But before I go, I would just like to add a couple of paragraphs about the background of this area, for those of you who are interested in mining and history:

This group of mines situated in the countryside on east side of Posadas was collectively referred to as Los Cinco Amigos (The Five Friends). They belonged to the Calamón Group and they were mined for lead, zinc and silver. Some of them were originally Roman mines, as ancient utensils unearthed from the sites date the first exploitation back to that era.

The first license that granted use for mining was given in 1692. Subsequently in 1900 the English company, The Calamon Mining Company of Spain, exploited the mines, under the direction of John Power. (There was a lot of English mining in Spain during this era, from 1849 to 1920, totalling about 670 British companies, with the lion’s share, about 196 companies, in Andalusia with 28 mining companies in Cordova province itself. As a result, many English installations were set up, such as hospitals, cemeteries, parks, tennis courts etc., many of which still exist today.)

Likewise, John Power, who settled near the mineral port close to the train station in Posadas, built his villa with gardens and a tennis court, and named the complex Los Menestrales (The Craftsmen), although it was popularly known then as Jardin de los Ingleses’ (The Garden of the English).

However, during the First World War production ceased. This was probably due to the fact that the silver blende ores were smelted in conflict zones and there were no other foundries to take them to. Five hundred families in Posadas were left out of work. In 1916 the English company sold the business to the French Mining and Metallurgy Society ofPeñarroya — Société Minière et Métallurgique de Peñarroya, SMMP. (This mining village is situated in the northern part of the Cordova province in the Sierra Morena, about 66 miles as the crow flies. It was also mined extensively for coal and other metals, and consequently this large mining, chemical and industrial centre became a focus for bombing during the war. See here for my slide show of the village.)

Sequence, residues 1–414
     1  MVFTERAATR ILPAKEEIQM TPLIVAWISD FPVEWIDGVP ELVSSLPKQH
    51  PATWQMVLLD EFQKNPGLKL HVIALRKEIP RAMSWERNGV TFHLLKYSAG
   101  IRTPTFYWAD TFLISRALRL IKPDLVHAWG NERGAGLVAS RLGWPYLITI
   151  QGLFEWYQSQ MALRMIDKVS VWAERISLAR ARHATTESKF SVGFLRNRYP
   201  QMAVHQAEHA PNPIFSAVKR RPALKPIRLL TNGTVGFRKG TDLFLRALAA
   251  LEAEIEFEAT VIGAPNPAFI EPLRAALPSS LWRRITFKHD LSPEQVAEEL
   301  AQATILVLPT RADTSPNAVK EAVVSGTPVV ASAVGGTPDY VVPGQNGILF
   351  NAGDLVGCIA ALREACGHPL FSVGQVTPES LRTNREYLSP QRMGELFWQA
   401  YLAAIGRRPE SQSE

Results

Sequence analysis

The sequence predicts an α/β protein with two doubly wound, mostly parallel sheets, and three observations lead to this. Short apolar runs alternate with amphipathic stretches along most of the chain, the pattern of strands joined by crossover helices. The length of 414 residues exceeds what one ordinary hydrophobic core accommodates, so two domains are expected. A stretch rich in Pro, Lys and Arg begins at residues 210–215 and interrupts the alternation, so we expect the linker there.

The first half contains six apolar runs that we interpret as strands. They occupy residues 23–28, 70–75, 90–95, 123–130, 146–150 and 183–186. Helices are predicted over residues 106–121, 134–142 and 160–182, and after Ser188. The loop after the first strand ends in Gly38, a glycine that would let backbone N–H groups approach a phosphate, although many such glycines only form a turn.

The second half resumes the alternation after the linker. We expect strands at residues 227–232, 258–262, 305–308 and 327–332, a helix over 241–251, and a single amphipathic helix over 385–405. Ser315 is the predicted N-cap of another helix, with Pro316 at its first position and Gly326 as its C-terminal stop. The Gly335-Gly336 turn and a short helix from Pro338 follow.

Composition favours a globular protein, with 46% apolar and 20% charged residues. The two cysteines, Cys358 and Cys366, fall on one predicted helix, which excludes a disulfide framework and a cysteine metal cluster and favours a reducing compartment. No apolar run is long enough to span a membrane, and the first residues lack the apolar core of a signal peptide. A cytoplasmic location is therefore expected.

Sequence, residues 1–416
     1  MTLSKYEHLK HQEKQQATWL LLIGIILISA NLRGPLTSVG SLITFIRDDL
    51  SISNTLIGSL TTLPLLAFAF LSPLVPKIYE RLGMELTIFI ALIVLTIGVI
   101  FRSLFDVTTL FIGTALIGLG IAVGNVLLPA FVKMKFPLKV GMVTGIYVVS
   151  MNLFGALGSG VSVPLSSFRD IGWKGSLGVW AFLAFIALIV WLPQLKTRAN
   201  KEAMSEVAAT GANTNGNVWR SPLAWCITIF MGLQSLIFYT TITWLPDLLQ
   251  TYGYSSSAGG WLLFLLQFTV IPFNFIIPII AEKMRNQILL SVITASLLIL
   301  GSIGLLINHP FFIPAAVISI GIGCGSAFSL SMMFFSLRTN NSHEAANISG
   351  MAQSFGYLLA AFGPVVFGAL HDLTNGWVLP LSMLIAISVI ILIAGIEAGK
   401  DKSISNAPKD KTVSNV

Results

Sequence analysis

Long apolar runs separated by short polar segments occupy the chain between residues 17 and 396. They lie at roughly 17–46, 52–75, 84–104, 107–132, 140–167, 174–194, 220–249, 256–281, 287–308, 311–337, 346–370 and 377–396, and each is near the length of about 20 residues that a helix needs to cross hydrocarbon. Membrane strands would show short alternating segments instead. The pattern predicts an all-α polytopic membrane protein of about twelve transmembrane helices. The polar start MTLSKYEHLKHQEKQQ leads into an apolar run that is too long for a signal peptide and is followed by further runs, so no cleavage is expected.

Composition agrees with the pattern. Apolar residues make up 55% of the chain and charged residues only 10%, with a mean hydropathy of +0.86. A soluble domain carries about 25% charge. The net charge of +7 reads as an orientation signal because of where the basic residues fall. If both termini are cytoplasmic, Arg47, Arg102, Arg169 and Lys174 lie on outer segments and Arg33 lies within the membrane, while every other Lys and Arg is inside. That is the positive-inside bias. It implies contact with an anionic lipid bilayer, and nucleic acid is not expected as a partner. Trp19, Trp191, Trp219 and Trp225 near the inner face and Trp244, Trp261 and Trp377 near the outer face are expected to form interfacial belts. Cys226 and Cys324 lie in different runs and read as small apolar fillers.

Subsequently, due to the after-effects of WW1, such as the reduced market, the problems with transportation etc., these French-owned mines closed for good in 1922, and the associated installations, such as the overhead bleichert tramway and the electric plant, dismantled.

Other important factors for the general decline in British mining and investment in Andalusia as a whole could have been the result of cheap, Australian lead flooding the market; also The Spanish Royal Decree of 1921 required mine ownership to be totally Spanish.

Well, I think that’s a brief overview of these mines. Thank you for bearing with me if you have!

And thank you for visiting me! Take care xxx

PS. If you like what you have read, maybe you’d be interested in reading my illustrated, humorous/factual book: An English Lady in Cordova— the ‘Alternative’ Guide (available from me or from Etsy)